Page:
Christmas is the best time of the year - period. As the holiday approaches, everyone’s looking forward to doing home decorations, buying presents and planning vacations. The holiday hype is real as we’re approaching the end of this year with tons of appealing discounts and deals everywhere you look. Travelers get to buy tickets for less money, shoppers can binge-order a bunch of cool stuff and bettors, and online game players get to use pretty awesome Christmas promotions.
And with the New Year’s Eve right around the corner as well, it’s a great chance to get the bags ready and do some traveling. Even if you’re on a budget, you can still plan out the perfect vacation. Exploring how different cultures celebrate Christmas seems like a lot of fun! And even if you’re not in a position to travel, you can still try some of these customs at home. Let’s talk about popular holiday’s traditions around the world.
Ever heard of the Junkanoo festival? It’s a long-lasting street parade in Jamacia during Christmas that dates back to the 16th century. Jamaicans like to dress in Akan-origin costumes and celebrate the holiday with parades, drums, and chants. The festival takes place the day after Christmas, the same time Brits celebrate Boxing Day.
Families in Finland have a number of customs for Christmas. In the morning, they have a breakfast made of porridge with rice, milk, and cinnamon. There’s a hidden almond in one of the pudding cups, and whoever finds it wins. Also, decorating the Christmas tree with geometric mobiles made out of straw is another common thing to do.
At the end of the day, it’s customary to enjoy a sauna and cleanse the body and mind from negative energy. Christmas is a great time to travel to Finland, as there are a lot of beautiful sights to visit. And if you’re with your family, trying some of these traditions will help you a blend in, and enjoy the holiday spirit.
Martinique is a beautiful French Caribbean island located in the eastern Caribbean Sea. And this is definitely one of the best places to visit during the holiday season. There’s an old tradition called la ribote, where people gather to sing carols together on the streets. The atmosphere is quite extraordinary, as the locals sing different variations of Christmas songs with the lyrics in their hands. On New Year’s Eve, families celebrate the holiday with their neighbors by sharing foods and drinks.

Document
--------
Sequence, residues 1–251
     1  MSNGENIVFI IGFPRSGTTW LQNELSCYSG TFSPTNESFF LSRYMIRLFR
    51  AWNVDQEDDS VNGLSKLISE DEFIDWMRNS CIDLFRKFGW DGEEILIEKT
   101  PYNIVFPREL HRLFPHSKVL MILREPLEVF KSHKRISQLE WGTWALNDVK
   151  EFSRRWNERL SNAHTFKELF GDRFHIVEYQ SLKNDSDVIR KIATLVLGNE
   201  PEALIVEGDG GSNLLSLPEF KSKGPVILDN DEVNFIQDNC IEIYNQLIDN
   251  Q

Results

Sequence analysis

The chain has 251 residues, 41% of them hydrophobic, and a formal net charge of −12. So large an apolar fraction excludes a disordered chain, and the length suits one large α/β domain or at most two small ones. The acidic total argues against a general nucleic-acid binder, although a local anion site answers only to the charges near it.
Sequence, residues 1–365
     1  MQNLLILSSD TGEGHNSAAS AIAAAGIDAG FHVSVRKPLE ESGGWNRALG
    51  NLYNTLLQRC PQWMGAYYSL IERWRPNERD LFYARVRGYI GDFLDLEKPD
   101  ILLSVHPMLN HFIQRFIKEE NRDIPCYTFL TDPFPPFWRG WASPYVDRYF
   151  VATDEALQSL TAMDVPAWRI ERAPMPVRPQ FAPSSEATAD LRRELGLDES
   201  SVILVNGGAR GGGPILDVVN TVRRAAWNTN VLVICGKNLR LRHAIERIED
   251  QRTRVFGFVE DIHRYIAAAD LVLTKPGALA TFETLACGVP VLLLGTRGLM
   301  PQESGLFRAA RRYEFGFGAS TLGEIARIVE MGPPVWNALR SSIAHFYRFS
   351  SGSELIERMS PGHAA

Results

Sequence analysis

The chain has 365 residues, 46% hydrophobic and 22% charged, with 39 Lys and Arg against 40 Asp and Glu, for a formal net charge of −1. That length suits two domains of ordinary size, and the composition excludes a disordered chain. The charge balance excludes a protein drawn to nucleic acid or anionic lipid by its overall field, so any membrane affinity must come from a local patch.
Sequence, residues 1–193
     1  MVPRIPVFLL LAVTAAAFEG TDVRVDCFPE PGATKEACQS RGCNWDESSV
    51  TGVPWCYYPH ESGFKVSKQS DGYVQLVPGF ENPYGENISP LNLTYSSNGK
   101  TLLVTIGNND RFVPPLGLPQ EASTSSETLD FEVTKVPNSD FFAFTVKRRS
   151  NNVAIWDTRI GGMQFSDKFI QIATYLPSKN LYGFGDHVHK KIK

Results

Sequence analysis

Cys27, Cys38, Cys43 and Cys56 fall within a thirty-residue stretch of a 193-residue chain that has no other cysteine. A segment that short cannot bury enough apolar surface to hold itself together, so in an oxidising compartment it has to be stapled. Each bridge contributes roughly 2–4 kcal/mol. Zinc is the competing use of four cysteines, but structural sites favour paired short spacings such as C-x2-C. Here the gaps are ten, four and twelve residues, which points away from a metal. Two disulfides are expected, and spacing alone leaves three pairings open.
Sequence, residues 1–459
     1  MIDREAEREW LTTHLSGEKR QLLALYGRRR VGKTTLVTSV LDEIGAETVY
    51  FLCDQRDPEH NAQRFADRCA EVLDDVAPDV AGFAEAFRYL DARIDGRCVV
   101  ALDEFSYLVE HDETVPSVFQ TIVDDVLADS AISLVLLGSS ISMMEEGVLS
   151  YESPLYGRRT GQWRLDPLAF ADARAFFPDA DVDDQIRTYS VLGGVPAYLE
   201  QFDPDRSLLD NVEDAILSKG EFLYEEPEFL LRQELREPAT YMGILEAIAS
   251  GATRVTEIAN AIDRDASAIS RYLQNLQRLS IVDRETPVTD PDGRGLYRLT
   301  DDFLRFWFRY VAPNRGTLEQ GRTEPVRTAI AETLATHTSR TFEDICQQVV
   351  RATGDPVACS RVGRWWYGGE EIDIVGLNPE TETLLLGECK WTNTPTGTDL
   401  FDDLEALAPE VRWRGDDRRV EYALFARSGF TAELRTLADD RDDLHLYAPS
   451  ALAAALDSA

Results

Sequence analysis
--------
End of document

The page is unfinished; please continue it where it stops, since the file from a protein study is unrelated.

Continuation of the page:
Mexico is a great travel destination, with tons of tourist attractions and things to see. But it gets especially beautiful around the Christmas season. Locals put on so-called Las Pastorelas, which recreate the biblical passage and tell the Christmas story through plays. This centuries-old tradition sets the stage for a month full of celebrations and great spirit. But the season really begins in the early days of December with a religious march called Las Posadas. This Mexican custom is about telling the journey of Mary and Joseph.
The holiday season in Norway starts a little sooner - on the third of December. This event is called Julebord. People like celebrating Christmas by going out to local bars and restaurants throughout December all the way up to the so-called “Little Christmas” on 23rd of December. On this day, Norwegians do tree decorations, eat hot rice pudding and make a gingerbread house.
In the countryside, it’s common to leave a bowl of porridge in the barn on Christmas eve for the gnome who protects the farm.
Christmas in Ukraine is quite fun. Roughly 49% of the country’s population celebrate this holiday on January 7th. Dressing in garments, playing all types of instruments and singing Christmas carols through on the streets is something special to see - and even participate in. One of the most popular meals for Christmas Eve is a dish called kutya, which is made with wheat, honey, nuts, and group poppy seeds.
Even though researching ahead of time is great, I definitely recommend bringing a travel guide along with you. Here are some of the best travel guides I recommend...
One of the most common questions I get: What is the best camera for travel photography? I personally love my Nikon D5600. I use the kit lens and a Sigma wide-angle lens (for Nikon) which I am genuinely obsessed with.
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